About a month after you were tossed out of the band, the police were called to your home [in Florida] because of a domestic dispute.
Sure, I had a helluva time for about a month after this went down. This was a cold-hearted, premeditated betrayal. It pretty much shook the foundation out from under me. I had to go see a doctor for depression and try to get back on my feet. I was in the hospital for one night and he told me to get back to work and put this behind me. And that’s what I’ve done.
By starting a new band?
I’ve been playing music since I was 16 years old and you learn how to survive. You learn when things go wrong to start a new direction. I’ve got a unique sounding band. I’m playing a lot of the things I’ve written over the years. I have a fellow who’s opened shows for the Allman Brothers, Mark May, who has three CDs out on a small blues label, and he has a lot of material we can do. And we’re mixing that with “Jessica” and “Elizabeth Reed” and “Blue Sky” and “Ramblin’ Man” and “Nobody Knows” and “Nobody Left to Run With [Anymore]” and “Back Where It All Begins” and a lot of the stuff I’ve written over the years. It’s a nice mix. I also have a horn player from the Bronx, Kris Jensen. The horn is playing the third part harmony with the two guitars, it’s a real nice sound. That frees my keyboard player to do chord work. I have the drummer from Roomful of Blues, Mark Greenberg from Boston. Junior Ortiz is playing Latin percussion, he’s from Hartford, Connecticut. David Stoltz is playing bass. He auditioned for the Allman Brothers when Allen Woody and Warren Haynes left the band. Obviously Oteil [Burbridge] got the job, but David was very impressive. Matt Zeiner is playing keyboards. So it’s a seven-piece band, a strong, strong band.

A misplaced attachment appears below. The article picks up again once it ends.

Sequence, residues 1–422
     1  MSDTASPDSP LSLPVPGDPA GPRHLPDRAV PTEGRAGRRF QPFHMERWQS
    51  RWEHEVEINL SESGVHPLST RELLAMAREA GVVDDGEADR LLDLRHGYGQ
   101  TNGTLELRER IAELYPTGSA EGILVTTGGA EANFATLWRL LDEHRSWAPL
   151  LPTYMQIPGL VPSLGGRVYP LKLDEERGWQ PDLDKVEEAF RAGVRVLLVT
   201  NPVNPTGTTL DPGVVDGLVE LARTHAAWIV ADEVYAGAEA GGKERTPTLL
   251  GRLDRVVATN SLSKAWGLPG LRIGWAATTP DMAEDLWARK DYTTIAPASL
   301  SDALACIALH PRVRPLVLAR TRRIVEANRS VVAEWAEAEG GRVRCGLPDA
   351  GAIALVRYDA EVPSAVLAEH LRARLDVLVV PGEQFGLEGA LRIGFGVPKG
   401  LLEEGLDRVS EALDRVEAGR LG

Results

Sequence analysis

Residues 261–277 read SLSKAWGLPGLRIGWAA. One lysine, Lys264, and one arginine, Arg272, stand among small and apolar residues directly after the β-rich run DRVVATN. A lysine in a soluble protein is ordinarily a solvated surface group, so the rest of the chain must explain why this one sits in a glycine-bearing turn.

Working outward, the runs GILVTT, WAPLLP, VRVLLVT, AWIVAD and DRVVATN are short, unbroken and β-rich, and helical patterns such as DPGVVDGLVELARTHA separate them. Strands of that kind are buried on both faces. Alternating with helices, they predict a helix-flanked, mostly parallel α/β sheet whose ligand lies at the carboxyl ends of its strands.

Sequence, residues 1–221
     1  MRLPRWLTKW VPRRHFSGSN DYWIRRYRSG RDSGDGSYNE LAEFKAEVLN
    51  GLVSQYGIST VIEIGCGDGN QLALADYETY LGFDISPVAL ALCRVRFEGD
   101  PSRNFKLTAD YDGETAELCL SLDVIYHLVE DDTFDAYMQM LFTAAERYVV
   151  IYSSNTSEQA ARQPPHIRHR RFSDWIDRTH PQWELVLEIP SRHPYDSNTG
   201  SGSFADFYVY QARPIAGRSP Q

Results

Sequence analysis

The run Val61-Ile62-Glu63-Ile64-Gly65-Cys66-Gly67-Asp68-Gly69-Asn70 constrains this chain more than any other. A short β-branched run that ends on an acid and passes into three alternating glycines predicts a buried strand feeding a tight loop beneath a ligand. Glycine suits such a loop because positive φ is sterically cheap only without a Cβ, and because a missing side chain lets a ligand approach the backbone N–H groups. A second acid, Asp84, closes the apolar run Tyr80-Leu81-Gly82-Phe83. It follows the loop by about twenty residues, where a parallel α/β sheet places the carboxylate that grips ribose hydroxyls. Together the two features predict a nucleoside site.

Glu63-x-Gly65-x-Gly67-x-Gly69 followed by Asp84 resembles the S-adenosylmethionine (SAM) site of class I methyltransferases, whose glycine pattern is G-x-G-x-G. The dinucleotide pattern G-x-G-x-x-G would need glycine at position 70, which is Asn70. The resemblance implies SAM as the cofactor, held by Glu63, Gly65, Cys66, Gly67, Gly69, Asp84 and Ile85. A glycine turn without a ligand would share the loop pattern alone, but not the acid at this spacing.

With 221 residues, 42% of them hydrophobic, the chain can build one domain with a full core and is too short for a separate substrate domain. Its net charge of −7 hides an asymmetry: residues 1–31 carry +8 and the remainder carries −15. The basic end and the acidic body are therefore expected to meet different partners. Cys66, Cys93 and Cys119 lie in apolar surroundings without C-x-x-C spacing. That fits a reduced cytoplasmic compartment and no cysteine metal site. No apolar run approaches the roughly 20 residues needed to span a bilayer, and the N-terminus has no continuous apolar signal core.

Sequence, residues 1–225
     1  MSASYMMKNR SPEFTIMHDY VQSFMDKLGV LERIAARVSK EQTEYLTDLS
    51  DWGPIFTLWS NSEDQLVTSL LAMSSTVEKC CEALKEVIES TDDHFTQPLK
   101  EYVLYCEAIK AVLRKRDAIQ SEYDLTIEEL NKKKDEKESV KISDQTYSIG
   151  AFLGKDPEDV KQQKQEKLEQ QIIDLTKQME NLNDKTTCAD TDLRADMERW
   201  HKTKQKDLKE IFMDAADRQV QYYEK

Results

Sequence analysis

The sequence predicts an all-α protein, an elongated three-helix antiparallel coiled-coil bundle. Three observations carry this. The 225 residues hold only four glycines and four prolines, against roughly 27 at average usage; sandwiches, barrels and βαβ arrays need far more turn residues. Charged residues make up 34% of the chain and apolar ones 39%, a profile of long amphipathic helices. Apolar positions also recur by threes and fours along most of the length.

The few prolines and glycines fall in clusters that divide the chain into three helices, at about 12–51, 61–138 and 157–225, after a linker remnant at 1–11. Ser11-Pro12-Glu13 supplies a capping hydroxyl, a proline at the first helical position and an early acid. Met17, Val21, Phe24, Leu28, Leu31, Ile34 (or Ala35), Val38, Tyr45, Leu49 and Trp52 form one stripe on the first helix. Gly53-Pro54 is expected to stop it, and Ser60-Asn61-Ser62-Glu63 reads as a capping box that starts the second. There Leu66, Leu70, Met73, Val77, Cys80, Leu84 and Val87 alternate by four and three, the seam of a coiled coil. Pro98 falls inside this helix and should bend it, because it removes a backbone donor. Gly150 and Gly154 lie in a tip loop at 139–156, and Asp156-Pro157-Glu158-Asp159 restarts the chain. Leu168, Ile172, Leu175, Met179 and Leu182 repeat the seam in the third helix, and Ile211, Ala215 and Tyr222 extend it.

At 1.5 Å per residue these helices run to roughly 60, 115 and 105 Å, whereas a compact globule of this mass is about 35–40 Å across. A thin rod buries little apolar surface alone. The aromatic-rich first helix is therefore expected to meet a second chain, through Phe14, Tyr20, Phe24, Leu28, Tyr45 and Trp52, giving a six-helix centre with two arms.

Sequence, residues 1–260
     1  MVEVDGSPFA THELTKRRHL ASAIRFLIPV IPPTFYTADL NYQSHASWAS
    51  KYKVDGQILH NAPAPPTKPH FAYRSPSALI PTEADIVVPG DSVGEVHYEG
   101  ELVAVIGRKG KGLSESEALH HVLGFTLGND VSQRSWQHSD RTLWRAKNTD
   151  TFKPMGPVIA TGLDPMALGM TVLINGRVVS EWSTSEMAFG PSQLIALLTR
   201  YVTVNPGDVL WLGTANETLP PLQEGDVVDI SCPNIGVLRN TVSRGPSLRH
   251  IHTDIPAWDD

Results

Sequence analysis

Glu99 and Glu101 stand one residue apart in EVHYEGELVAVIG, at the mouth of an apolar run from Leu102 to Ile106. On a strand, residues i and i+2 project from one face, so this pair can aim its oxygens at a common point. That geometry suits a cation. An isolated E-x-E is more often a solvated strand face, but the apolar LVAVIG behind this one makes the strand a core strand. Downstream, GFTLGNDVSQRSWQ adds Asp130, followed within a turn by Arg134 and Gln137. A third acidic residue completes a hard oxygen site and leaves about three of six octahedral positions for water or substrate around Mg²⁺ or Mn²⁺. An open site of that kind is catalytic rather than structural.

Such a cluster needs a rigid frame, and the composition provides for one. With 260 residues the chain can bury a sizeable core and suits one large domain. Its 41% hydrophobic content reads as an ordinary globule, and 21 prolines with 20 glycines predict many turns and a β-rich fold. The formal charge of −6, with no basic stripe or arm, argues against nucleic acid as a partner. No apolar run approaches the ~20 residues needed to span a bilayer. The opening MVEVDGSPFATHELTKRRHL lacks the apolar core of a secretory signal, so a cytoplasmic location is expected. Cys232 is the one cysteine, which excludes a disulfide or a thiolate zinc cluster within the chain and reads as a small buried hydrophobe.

Do you plan on recording?
I’m sure we will this winter. I’m tangled up with this Sony deal. When the Allman Brothers signed with Sony, Gregg and I got included in the deal for our solo projects, so I’m trying to get out of that before I do any new recording.
Gregg was quoted saying that you can return to the Allmans if you take care of yourself. Do you believe him?
If something happened and these guys woke up one day and said, “Y’know, we made a terrible mistake,” and called me and wanted to talk about it, there’s a possibility we could play. But I don’t see these guys doing that. I haven’t heard one word from any of them except when I forced a meeting and their attorneys had to advise them that it wouldn’t be in their best interests if they didn’t show up at this meeting. And that meeting was pretty bitter, just a lot of accusations being thrown around. So I wished them well, thanked them for coming and that was that. Nothing positive came out of it at all. But you never know what will happen down the road. I don’t see any indication of the thing coming back together. Boy, Gregg Allman traveling around the country accusing me of being incapacitated is just beyond bizarre. Anybody that knows Gregg Allman and how supposedly sober and straight he is has to sit down and take a moment to laugh. It’s just delusional, this whole thing. I read an interview that Gregg did, he said he doesn’t cuss, he wasn’t raised that way and he actually turns down movie scripts because they have these cuss words in there. I think the guy is on the wrong medication or something. It’s just bizarre.